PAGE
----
- An amicus curiae (literally in Latin 'a friend of the court') is a legal brief submitted by a person or group who is not a party to an action, but has a strong interest in the matter, will submit a brief in the action with the intent of influencing the court's decision.
- For copies of the amicus curiae briefs in Spanish and English please visit: https://www.forestpeoples.org/en/node/50320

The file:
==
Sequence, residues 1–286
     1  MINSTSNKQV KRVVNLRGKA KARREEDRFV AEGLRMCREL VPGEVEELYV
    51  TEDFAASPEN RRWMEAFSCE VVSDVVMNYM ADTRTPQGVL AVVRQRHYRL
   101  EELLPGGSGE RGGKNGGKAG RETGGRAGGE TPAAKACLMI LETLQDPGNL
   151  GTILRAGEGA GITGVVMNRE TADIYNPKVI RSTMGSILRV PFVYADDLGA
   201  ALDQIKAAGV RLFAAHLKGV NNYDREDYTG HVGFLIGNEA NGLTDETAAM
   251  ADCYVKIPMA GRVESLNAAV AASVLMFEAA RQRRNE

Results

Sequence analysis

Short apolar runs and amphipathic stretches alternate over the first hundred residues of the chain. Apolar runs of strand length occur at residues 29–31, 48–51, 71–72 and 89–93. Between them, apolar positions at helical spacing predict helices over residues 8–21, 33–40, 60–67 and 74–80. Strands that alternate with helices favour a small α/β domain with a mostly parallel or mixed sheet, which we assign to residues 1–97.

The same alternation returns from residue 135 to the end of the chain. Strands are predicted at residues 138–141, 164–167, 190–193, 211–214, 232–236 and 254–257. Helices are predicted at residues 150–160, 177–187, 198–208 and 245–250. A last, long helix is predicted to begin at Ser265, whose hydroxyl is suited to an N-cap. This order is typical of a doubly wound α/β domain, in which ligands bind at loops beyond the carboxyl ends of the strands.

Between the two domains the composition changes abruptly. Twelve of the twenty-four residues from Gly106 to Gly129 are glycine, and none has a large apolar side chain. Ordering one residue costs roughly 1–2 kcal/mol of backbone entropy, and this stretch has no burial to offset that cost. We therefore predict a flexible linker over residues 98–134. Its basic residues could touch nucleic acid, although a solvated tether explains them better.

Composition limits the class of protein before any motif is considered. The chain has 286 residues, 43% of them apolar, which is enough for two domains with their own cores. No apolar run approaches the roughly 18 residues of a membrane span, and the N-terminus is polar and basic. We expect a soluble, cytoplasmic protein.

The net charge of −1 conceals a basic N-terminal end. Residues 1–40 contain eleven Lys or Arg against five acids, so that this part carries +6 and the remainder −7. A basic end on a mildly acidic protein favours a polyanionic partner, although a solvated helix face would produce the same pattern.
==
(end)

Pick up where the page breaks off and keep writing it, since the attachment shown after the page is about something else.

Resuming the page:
- For a legal analysis of the significance of the Constitutional Court’s decision visit: http://www.forestpeoples.org/sites/default/files/documents/Sta%20Clara%20TC%20decision%20significance.pdf
- For further background information please visit: http://www.forestpeoples.org/en/featured-topic/struggle-shipibo-community-santa-clara-de-uchunya-against-expansion-oil-palm
Contacts: For contact with community representatives and legal advisors please e-mail email@example.com